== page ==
Links to Piketty's Data, and Some Reviews of this Controversial Book
Note by James R. Martin, Ph.D., CMA
Professor Emeritus, University of South Florida
Piketty's book is about income inequality. The online database allows visitors to generate income data and grahics for a variety of countries. I developed the following illustration to convey the idea. However, visitors to the database don't need to develop any graphics. They simply pick the country, top income group, and range, then the database program automatically displays the data and graphs.
For example, Piketty's data (based on tax records) show that the top 10% in the U.S. earned 48.16% of the income in 2012. The top 1% earned 19.34%, while the top .1% earned 8.82% of the income.
Piketty's data can be viewed at The World Top Income Database*
The following reviews of Thomas Piketty's book are from Paul Caron's Blog*. I was made aware of this list by Bob Jensen.
Businessweek, Six Strange Facts About the No. 1 Book on Amazon.com
Financial Times, Lessons From a Rock-Star Economist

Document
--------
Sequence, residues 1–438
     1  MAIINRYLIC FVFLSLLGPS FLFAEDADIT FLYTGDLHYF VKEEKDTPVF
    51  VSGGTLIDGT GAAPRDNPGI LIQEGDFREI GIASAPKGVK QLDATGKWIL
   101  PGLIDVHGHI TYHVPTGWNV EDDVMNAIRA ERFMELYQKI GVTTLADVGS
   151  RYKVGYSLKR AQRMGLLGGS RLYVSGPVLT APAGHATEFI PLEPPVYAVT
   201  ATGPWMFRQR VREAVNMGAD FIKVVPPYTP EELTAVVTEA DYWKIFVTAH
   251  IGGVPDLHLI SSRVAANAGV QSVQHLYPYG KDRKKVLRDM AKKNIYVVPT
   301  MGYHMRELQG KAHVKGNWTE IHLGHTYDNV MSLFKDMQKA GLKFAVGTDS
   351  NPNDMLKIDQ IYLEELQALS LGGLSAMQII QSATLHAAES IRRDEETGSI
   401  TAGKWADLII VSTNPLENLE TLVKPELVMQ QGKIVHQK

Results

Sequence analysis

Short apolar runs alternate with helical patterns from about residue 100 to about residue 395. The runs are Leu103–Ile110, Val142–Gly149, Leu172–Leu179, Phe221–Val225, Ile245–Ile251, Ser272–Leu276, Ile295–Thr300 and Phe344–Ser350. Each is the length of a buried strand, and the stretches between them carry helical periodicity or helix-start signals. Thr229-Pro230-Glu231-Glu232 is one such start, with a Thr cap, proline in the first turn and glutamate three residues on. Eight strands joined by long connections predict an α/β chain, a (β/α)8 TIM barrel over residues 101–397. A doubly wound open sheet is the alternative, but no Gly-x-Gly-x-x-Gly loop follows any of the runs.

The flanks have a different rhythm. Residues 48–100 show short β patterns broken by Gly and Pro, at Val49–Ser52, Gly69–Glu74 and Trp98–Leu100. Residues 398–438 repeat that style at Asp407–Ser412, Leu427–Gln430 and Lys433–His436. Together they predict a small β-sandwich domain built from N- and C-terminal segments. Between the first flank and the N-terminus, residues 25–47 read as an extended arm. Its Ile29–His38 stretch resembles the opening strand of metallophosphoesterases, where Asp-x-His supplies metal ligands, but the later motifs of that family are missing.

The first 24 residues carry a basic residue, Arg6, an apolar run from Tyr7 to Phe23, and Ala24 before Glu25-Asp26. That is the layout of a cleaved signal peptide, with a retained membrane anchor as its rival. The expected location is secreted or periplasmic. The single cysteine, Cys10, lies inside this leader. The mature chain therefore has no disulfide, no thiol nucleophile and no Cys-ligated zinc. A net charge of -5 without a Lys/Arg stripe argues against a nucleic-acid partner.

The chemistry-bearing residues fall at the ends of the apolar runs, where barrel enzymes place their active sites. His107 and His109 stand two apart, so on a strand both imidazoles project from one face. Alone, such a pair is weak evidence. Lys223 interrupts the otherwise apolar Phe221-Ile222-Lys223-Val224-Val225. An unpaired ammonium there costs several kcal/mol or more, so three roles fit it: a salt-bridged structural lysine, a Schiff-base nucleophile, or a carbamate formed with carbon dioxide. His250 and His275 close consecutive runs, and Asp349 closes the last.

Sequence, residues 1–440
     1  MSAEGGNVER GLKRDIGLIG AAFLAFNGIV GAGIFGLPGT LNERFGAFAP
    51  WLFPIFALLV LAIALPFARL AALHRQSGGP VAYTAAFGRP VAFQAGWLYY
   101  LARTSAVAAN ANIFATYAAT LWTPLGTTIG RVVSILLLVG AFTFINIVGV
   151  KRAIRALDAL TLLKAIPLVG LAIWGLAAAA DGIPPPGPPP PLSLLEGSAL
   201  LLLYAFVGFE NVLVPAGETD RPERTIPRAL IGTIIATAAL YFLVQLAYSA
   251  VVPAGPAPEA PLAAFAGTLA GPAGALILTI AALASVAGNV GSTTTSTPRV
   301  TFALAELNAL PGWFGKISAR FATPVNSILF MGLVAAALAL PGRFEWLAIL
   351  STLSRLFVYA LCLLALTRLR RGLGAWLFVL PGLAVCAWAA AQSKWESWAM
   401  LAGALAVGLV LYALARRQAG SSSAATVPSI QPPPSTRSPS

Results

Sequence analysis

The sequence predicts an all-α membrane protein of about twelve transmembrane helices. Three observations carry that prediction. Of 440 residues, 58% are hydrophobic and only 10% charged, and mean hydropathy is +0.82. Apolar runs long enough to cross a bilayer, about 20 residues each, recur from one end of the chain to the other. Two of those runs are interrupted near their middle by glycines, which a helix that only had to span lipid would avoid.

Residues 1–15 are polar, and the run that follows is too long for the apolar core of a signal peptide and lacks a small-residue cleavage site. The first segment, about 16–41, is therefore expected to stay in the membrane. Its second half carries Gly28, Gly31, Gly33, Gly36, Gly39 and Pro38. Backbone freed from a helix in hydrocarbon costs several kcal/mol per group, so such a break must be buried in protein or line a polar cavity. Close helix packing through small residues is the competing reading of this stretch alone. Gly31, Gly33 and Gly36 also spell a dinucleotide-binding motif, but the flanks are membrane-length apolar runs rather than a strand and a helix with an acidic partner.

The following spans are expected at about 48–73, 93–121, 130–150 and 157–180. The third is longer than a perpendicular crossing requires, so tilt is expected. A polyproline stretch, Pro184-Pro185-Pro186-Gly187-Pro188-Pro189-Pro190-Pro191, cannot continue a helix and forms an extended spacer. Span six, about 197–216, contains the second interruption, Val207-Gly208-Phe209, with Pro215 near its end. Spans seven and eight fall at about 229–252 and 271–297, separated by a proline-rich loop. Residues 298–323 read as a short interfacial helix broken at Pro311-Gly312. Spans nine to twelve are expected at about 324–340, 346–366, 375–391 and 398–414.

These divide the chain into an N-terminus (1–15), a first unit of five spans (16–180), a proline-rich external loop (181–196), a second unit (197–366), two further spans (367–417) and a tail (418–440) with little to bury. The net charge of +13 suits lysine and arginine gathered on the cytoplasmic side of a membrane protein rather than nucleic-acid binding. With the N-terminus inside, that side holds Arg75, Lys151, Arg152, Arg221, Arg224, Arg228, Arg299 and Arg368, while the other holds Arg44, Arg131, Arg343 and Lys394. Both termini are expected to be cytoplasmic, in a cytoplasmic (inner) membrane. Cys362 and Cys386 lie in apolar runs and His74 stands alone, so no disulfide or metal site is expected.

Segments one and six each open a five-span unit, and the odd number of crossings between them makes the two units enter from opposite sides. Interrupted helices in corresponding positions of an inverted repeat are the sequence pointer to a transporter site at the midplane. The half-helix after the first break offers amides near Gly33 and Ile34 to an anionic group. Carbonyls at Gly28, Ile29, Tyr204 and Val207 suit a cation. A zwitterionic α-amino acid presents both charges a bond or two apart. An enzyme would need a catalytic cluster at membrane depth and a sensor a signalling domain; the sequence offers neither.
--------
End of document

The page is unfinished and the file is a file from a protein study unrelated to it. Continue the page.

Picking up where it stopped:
Forbes, Piketty's Capital Shortcomings
Harvard Business Review, Piketty’s “Capital,” in a Lot Less than 696 Pages
Los Angeles Times, Thomas Piketty's Income Inequality Tome Tops Amazon Bestseller Lists
Monthly Review, Deeper Reflections on Thomas Piketty's "Capital"
New York Times, Piketty, Doom Loops and Haymarket
New York Times, Piketty and the Petits Rentiers
Reuters, The Piketty Pessimist
Wall Street Journal, Thomas Piketty Revives Marx for the 21st Century: An 80% Tax Rate on Incomes Above $500,000 Is Not Meant to Bring in Money for Education or Benefits, but 'to Put an End to Such Incomes'
Washington Post, How Piketty’s Research Shaped Wealth Gap Debate
Piketty's database is available at The World Top Income Database.
The U.S. Census Bureau has lots of additional data on income inequality including a Gini index.
What is a Gini index? See the Lorenz Curve graphing tool and Gini coefficient calculator.
For a related paper see Buchanan, M. 2002. Wealth happens. Harvard Business Review (April): 49-54. (Buchanan describes a universal law of wealth based on a network effect that appears to have some important implications for economic policy). (Note).
An organization with the goal of stimulating policy changes within U.S. higher education to help arrest the dangerous and growing economic divergence between rich and poor in out country". Social Mobility Index